Italy's Easter Pizza Isn't Your Average Pie

Around the world, Easter traditions abound. While there are some cross-culture commonalities — eggs, ham, and lamb are staples — countries have their own unique traditions too. In England, families eat hot cross buns while in Greece, traditional Easter soup combines lamb with vegetables.

For many Italians and Italian-Americans, Easter pizza is an essential part of the holiday festivities. Thick, rich, and typically covered with a top crust, Easter pizza looks nothing like the pizzas most Americans are used to. It's closer to a quiche — but instead of vegetables and tomato sauce, the pie consists of egg, cheese, and cured meats.

Like many Italian delicacies, Easter pizza goes by many different names. It's often called "pizza rustica," but based on the region, you might hear it called "pizza di pasua," "pizza chiena," "pizza gain," or "pizza ripiena." But no matter what it's called, the dish evokes tradition, community, and celebration — a joyous end to the Lent fast and a celebration of rebirth.

Where did Easter pizza originate?

Easter pizza comes from the region surrounding Naples, where it originated in the 17th century. It's a perfect example of the decadent meals often served to celebrate Easter — and the end of Lent. The pizza combines meat, dairy, and eggs, three things Catholics traditionally gave up during the 40-day fast.

Easter pizza isn't the only savory Italian pie traditionally associated with the holiday, though. There's pastiera, a dessert that, like Easter pizza, is made from soft cheese and eggs. Torta pasqualina, a savory dish from northwest Italy, is made from spinach and egg baked in a puff pastry crust. It's traditionally made with 33 sheets of puff pastry, which represent Jesus' age at the time of his death.

In later years, Italian-American immigrants brought it to the U.S. While it never broke into the American mainstream like the famous flat pies topped with tomato sauce, Easter pizza made its mark on Italian-American culture. Italian families and professional bakers alike have kept the tradition alive, like Cake Boss star and fourth-generation Italian baker Buddy Valastro who serves it at his Hoboken shop, Carlo's Bakery.

What are the ingredients in Easter pizza?

A traditional Easter pizza is made from soft, fresh cheese like ricotta or basket cheese, cured meats, and occasionally spinach or other vegetables. Popular meats include prosciutto, soppressata, capocollo, and Italian sausage. Most recipes call for multiple types of meat, so feel free to mix and match with the offerings at your local grocery store or butcher.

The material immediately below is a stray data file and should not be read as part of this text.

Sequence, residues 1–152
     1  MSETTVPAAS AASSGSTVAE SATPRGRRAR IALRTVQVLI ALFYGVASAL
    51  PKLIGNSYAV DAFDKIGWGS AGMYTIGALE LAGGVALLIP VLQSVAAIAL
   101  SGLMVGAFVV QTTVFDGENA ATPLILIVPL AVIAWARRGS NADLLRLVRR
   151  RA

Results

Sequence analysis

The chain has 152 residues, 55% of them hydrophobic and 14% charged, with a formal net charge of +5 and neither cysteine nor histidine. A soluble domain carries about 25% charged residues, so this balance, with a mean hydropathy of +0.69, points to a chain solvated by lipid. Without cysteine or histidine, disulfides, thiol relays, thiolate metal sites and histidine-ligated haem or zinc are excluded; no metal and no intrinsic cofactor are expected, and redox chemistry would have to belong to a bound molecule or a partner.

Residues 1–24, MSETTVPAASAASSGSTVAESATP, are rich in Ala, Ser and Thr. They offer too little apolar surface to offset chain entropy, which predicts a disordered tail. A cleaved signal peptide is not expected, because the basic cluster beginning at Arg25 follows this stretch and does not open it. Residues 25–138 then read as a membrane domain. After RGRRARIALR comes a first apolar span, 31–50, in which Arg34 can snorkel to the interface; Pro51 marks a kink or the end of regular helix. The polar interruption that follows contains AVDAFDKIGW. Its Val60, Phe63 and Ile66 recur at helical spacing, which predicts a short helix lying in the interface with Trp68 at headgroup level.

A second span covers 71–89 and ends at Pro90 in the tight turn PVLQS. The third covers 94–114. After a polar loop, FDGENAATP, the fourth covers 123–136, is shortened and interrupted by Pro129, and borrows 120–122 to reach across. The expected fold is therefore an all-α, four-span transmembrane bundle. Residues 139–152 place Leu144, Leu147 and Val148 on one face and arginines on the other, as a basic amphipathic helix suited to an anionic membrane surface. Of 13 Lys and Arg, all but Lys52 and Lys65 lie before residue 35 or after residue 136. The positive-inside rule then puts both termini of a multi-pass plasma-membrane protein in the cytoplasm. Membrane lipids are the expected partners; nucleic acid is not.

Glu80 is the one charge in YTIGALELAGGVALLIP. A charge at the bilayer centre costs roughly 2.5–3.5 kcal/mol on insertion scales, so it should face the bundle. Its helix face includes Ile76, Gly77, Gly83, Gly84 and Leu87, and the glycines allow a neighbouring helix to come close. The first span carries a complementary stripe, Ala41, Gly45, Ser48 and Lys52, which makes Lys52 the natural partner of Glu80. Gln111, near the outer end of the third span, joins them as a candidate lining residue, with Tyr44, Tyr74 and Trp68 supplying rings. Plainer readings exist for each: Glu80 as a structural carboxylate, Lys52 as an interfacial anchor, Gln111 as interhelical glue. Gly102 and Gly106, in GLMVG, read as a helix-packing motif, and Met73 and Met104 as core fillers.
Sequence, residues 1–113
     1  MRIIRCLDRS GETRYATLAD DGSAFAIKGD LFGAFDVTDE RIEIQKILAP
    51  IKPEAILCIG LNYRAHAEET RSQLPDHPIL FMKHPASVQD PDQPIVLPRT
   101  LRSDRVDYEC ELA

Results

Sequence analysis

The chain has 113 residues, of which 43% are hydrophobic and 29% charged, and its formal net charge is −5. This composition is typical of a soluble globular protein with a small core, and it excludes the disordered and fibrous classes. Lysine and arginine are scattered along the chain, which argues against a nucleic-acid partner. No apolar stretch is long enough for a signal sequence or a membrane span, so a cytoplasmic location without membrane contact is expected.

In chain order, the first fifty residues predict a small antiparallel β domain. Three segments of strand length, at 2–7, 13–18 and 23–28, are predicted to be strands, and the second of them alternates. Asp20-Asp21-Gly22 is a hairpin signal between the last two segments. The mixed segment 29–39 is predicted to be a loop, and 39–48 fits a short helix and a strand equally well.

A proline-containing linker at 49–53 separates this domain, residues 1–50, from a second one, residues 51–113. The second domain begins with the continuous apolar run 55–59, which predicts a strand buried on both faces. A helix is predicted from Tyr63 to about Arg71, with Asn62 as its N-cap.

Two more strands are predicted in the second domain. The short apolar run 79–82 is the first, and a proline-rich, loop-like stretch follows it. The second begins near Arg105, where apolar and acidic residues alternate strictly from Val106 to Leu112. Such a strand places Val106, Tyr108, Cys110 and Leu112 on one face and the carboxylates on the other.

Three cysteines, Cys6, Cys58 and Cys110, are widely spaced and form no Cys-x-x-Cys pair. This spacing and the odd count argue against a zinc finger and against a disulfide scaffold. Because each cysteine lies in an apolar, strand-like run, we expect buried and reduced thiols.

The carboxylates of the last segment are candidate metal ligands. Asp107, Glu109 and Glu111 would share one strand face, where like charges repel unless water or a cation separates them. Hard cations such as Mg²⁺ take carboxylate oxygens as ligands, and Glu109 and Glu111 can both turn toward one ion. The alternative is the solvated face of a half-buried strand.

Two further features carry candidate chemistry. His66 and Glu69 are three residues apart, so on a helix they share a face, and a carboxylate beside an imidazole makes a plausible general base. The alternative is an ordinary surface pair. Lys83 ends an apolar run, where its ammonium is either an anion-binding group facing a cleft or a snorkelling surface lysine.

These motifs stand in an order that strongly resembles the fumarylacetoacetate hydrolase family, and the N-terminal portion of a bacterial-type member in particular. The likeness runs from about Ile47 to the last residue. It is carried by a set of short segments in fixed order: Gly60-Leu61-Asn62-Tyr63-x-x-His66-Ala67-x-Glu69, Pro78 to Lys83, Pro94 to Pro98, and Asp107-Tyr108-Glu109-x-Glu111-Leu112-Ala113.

The crust is a simple dough made with flour, eggs, and some kind of fat. Traditionally, the dough was generally made with lard. Some recipes call for olive oil, and modern variations often use butter.

If you decide to make an Easter pizza, remember that there's always room for creativity and innovation. Italian Easter pizzas vary from region to region and even family to family, so don't stress too much about being "authentic." After all, even the Italian-American immigrant families who brought Easter pizza to the U.S. adapted their recipes, swapping cured meats from the old country for American deli fare.

How is Italian Easter pizza made?

Just like with the ingredients, the exact method for preparing Easter pizza also tends to vary. Some are round, others are formed in rectangular pans. Sometimes, the cheese and meat are layered like a lasagna. Most recipes are a little more haphazard, though.

To make a simple and straightforward Easter pizza, combine the ingredients for the crust to form a loose, crumbly dough. Divide the dough into two pieces, then roll it out. Use one piece to line your baking dish.

Beat the eggs until thoroughly combined, then add the cheese and pieces of diced meat along with any other ingredients you plan to use, like salt, pepper, or spinach. Pour the mixture into your dish, then layer the second piece of crust on top.

Bake the pizza, and then let it cool completely. While you can eat it hot out of the oven, Italian families traditionally eat Easter pizza at room temperature.